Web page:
X-Pro Gets a Sibling (and a boost)

Fujifilm today pre-announced the X-E1, a simplified version of the X-Pro1. In place of the hybrid optical/electronic viewfinder of the X-Pro1, the X-E1 features a higher resolution 2.36m dot all-electronic viewfinder. Other changes include a smaller, lighter body (though still with a magnesium frame) and LCD (2.8" instead of 3"), addition of a small pop-up flash, and a few other minor tweaks. Price will be US$1000, and the camera is said to be available in November.


What doesn't change is the mostly dial-based retro user control, the use of the XF mount, and most of the primary internal features of the camera, including using the X-Pro1's 16mp sensor. As with the X-Pro1, video features seem to be mostly taking a back seat: we still get only 1080P/24 at the top end of the video specifications, and video handling is completely ignorable by a still shooter.


As the second member of the X series mirrorless cameras, the X-E1 shows Fujifilm is going to iterate in this space, and do so in interesting ways. In this case, they've reduced the X-Pro1 down to about X100 size, but have made it a little more conventional by dropping the hybrid viewfinder. Those who are nostalgic for Yee Olden Dayes, will note that, from the front and top, the X-E1 is pretty much indistinguishable from some film cameras (though you might wonder where the optical finder went). Right down to the threaded shutter release (which will take a mechanical release cable), Fujifilm seems to think that the primary attribute that people are picking up on with the X cameras is the retro style and controls. 

Perhaps. Certainly, such controls are intriguing to those of us who've been around long enough to have used them the first time around, intriguing enough to look more closely at the cameras themselves. That's usually when the real attachment that some feel comes: high-end Fujifilm digital cameras have long had a reputation for producing attractive out-of-camera results, and the X-Pro1 (and now likely the X-E1) was no slouch there. Indeed, in terms of high ISO work, the X-Trans sensor used in the X-Pro1 and X-E1 is arguably the best of the APS bunch.

The X-E1 is said to be faster than the X-Pro1 in focus speed, but that advantage ended immediately, as Fujifilm has applied the same focus strategies in a firmware update for the X-Pro1.

While the X-E1 is smaller than the X-Pro1, it's still bigger than the NEX-7 and E-M5 OM-D. Still, the smaller size does put the X-E1 into the game in terms of size.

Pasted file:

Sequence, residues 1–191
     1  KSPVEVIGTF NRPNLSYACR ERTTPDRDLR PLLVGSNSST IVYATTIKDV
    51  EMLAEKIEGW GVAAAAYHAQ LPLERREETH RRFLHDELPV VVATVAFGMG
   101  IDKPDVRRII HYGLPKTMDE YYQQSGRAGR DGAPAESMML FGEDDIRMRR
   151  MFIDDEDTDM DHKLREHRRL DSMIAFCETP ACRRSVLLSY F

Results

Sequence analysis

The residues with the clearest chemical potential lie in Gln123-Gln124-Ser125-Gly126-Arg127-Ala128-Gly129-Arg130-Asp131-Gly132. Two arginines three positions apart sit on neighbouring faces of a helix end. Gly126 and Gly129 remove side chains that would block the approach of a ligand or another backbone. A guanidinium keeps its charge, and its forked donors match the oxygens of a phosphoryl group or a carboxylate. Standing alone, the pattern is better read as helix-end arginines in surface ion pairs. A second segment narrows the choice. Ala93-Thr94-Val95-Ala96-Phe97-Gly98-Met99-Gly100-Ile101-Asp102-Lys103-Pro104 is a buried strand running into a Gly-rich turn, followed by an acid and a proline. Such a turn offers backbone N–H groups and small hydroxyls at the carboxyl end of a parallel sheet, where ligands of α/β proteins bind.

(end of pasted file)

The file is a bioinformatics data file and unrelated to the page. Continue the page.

Along with the X-E1 announcement comes the official pre-announcement of the 18-55mm f/2.8-4 OIS zoom lens, which lists for US$700 and the 14mm f/2.8 at US$900. Both lenses are expected to be available in November. A short list of X-E1 accessories, mostly things that need to be different for the X-E1 versus the X-Pro1 (camera bag, an HG-XE-1 "handle", and a new electronic remote release (RR-80) that plugs into the microphone jack, were also introduced.

A little hidden in Fujifilm's press materials was the reiteration that Fujifilm expects to have 10 XF lenses in 2013, which is good news for both X-E1 and X-Pro1 users alike.  

As seems to be a constant problem with the Japanese camera makers, early leaks have pretty much stolen the thunder from the pre-announcement (remember, the camera isn't likely to ship until probably December). Worse still, Fujifilm themselves appear to have let their press release out of the bag at least a half day early. If all this leakiness isn't intentional, it's incompetent. Neither of those are positive alternatives. It's one thing to "tease" an announcement (as I write this Apple is teasing the iPhone 5 announcement by sending press invitations where the September 12th date casts a shadow that says 5 instead of 12), it's another to let press releases with pretty much the full details drift into the press's hands prior to your actually issuing them. 

Even worse in Fujifilm's case: the Fujifilm Korea site put the X-E1 up on their Web site at least a full 12 hours prior to Fujifilm's own embargo time. How can we trust camera designs, firmware, and more when the camera makers can't even get their own launch marketing even close to right? Is this any way to run a camera business?

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